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Old 04-02-2010, 02:12 PM   #121
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No, I dont know. I didnt quote any returns. You did. I have no idea if those figures are correct or not, especially since the author already made one glaring mistake.

Where did you look up the returns for the Vanguard fund listed by budget year (ending in Sept)? I cant even find quarterly returns listed on Morningstar anymore.

The point of my original statement was that my pension fund is doing better than most others. Not that the advisros are geniuses. I have no idea why all pension funds dont just invest like most of us do and index everything. I'd be willing to bet that pension funds wouldnt be in anywhere near as bad shape as they are if they all just indexed everything in a standard 50/50 mix.
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Old 04-02-2010, 02:21 PM   #122
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Looks like Ive found some more selective comparison in the returns you listed. Vanguard 2030 started in mid 2006

2008
Dallas Police Pension returns....-24%
Vanguard Retirement 2030.......-32.9%

2007
Dallas Police Pension returns.....10.7%
Vanguard Retirment 2030..........7.5%
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Old 04-02-2010, 03:20 PM   #123
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Originally Posted by utrecht View Post
Where did you look up the returns for the Vanguard fund listed by budget year (ending in Sept)? I cant even find quarterly returns listed on Morningstar anymore.
I didn't find it pre-canned. I went to the Vanguard site for the fund and they list the quarterly returns. I just started with $100 and multiplied by the successive quarterly returns ending 12/08, 03/09, 06/09, and 09/09.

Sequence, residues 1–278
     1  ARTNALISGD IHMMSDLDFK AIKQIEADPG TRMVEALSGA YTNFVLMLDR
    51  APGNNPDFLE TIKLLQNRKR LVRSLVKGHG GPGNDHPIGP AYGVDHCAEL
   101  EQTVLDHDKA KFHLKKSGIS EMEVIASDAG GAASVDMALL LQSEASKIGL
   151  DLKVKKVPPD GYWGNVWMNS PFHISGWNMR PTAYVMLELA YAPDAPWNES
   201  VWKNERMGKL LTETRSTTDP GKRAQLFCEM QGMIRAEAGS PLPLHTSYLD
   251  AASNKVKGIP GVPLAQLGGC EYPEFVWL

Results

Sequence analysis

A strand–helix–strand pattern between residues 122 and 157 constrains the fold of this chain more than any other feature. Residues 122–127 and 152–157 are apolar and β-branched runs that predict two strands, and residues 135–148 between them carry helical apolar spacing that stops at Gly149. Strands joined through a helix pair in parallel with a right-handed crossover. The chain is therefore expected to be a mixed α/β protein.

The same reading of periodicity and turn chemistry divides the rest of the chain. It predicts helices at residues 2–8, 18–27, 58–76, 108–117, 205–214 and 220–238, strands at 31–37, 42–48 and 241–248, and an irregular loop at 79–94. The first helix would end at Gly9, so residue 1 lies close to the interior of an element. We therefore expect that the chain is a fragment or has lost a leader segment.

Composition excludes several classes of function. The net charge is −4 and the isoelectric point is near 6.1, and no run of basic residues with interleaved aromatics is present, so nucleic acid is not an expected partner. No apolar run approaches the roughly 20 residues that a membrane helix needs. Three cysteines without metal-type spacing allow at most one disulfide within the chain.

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Originally Posted by utrecht View Post
I'd be willing to bet that pension funds wouldnt be in anywhere near as bad shape as they are if they all just indexed everything in a standard 50/50 mix.
Agreed.
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Old 04-02-2010, 03:21 PM   #124
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Lets take it a bit farther:

2008
Dallas Police Pension....-24%
Vanguard 2025...........-30.05%
Vanguard 2030...........-32.9%
Vanguard 2035...........-34.66%

2007
Dallas Police Pension....10.7%
Vanguard 2025.............7.6%
Vanguard 2030............7.5%
vanguard 2035.............7.5%

2006
Dallas Police Pension.....16.8%
Vanguard 2025..............13.24%
Vanguard 2035.............15.2%

2005
Dallas Police Pension......10.3%
Vanguard 2025...............5.45%
Vanguard 2035..............6.3%

2004
Dallas police Pension.......14.77%
Vanguard 2025...............10.11%
Vanguard 2035...............11.95%

It looks like my pensions funds advisors beat the Vanguard geniuses hands down. At least in this short time span comparison. At least its a longer time frame than the one data point mentioned in the article you quoted.
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Old 04-02-2010, 03:24 PM   #125
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It looks like my pensions funds advisors beat the Vanguard geniuses hands down. At least in this short time span comparison. At least its a longer time frame than the one data point mentioned in the article you quoted.
That sounds great for you, it's extra money in the account if their performance keeps up.
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Old 04-02-2010, 04:59 PM   #126
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I'd be willing to bet that pension funds wouldnt be in anywhere near as bad shape as they are if they all just indexed everything in a standard 50/50 mix.
I think you're spot on here. Part of the problem is that fund managers have their hands tied when the political powers that be promise benefits that require an 8-9% return to remain solvent. Change the benefit formula to only require 6-7% over time and suddenly it's a LOT more sustainable long-term. And when they need a higher return, some of them start dabbling in derivatives and hedge funds and other leveraged garbage that isn't appropriate for a pension fund.
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Old 04-03-2010, 04:00 PM   #127